The Bulls have been bad the last two seasons, there is no other way to put it. But, for the organization and the fans, there is light at the end of the tunnel. It may not be next season, but the Bulls are certainly on the up. They still have some things to sort out but, if they continue to play their cards right, they could find themselves back in the thick of Eastern Conference contention soon enough
Also, make sure to keep on the lookout for the rest of Basketball Insiders’ “Fixing” series.
NBA Daily: Who Deserves Coach of the Year?
As the season enters its final stages, Matt John takes a look at who are the prime candidates for Coach of the Year.
Last year, this writer started his tenure with Basketball Insiders writing about who had the best case for Coach of the Year. One year later, we’re revisiting the same discussion. This time, with an entirely new slate of candidates.
The Coach of the Year Award produces one of the most fascinating races in the NBA that doesn’t get as much attention. What makes it fascinating is that there are a variety of reasons for why a coach can win the award. Why it doesn’t get enough attention is because fans understandably care more about the players than the coaches, which is nobody’s fault.
This season, we have coaches with different reasons for why they are viable candidates for Coach of the Year. Some aren’t necessarily coaching the best team, or are making the most progress, but they’re making a good enough case that they should be in the discussion.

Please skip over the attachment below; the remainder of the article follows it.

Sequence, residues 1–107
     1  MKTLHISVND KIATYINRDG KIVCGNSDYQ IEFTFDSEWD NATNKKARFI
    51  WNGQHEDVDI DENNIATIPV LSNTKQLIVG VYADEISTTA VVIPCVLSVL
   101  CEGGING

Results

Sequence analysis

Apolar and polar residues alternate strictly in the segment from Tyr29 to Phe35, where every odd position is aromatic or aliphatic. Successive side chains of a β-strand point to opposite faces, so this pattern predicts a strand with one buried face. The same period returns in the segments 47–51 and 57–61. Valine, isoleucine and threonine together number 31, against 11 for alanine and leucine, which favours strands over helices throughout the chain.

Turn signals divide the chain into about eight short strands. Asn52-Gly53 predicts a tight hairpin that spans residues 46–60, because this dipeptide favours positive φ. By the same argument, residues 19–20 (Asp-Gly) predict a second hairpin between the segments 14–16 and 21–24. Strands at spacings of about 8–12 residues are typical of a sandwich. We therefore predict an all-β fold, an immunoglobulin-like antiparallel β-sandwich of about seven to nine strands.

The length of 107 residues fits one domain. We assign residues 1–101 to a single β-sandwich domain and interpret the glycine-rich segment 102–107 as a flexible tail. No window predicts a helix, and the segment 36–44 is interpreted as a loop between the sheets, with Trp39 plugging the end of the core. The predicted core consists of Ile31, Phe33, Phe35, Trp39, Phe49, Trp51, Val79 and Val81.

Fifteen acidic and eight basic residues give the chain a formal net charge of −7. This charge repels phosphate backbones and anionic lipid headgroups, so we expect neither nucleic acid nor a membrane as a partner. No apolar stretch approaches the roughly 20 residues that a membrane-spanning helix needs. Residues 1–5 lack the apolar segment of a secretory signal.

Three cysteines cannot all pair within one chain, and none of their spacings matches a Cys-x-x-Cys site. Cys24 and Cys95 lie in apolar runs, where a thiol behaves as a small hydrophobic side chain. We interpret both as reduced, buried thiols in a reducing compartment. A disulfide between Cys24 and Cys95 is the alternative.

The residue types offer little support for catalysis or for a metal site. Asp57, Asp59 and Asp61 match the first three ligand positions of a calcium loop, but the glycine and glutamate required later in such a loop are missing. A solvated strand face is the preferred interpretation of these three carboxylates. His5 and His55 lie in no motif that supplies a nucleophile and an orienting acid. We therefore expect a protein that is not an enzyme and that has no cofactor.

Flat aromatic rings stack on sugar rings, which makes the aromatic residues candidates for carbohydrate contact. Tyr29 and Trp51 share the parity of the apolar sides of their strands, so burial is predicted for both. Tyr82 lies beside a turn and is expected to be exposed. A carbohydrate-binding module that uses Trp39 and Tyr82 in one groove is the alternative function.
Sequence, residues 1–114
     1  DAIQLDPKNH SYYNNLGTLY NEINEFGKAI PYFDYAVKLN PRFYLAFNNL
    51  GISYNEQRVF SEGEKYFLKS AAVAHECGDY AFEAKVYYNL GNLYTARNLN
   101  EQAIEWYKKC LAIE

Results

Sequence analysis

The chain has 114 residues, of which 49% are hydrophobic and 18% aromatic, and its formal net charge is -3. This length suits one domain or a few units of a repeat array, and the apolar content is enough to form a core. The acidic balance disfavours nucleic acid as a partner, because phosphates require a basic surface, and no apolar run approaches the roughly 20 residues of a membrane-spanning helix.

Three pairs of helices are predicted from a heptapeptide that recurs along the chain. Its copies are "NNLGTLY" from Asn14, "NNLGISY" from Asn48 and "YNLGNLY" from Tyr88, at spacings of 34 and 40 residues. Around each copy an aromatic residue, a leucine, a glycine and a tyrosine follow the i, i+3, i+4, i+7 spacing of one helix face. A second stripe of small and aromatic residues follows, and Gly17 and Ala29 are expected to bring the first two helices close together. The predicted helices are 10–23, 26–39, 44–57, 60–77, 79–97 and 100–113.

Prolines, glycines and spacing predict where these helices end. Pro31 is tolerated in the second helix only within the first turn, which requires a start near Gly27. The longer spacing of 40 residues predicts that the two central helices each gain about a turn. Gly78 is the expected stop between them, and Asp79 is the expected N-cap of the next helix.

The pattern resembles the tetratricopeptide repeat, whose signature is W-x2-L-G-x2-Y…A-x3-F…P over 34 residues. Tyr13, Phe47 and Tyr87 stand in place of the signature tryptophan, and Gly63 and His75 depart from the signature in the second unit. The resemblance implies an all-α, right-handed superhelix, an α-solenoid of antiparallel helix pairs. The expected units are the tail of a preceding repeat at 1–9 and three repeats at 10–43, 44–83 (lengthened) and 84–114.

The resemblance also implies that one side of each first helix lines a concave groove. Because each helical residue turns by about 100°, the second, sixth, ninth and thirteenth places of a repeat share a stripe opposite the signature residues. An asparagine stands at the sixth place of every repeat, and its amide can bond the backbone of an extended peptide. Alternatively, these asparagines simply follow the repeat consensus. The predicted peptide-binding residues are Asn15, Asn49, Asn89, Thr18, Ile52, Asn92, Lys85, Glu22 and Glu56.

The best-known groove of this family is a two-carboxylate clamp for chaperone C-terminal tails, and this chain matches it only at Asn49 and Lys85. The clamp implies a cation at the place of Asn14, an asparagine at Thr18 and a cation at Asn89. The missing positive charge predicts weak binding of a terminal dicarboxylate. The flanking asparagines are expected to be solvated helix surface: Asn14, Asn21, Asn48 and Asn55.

Please note that these are ranked in alphabetical order, not by who deserves it the most.
A few weeks ago, this writer detailed why the Bucks’ front office deserved credit for building the contender that they did, and he stands by it. However, while it’s on the front office to assemble a great team, it is on the coach to make the pieces work. That is what Coach Bud has done, and he’s done it marvelously.
Milwaukee sits atop the Eastern Conference with a 53-19 record, they have the best net rating in the NBA and Giannis Antetokounmpo is in the center in one of the most intense MVP races of all time. With the exception of the most recent untimely injuries to Malcolm Brogdon and Nikola Mirotic, this season could not have gone better for the Bucks.
Milwaukee always had the talent to be one of the league’s best teams. They just needed the right guy calling the shots. They have their man. Let’s be fair though. The Bucks needed Mike just as much as he needed them. So far, it’s worked for the best for both sides because now, Coach Bud has a very believable chance to join his mentor Gregg Popovich among the very few coaches who have won the award multiple times.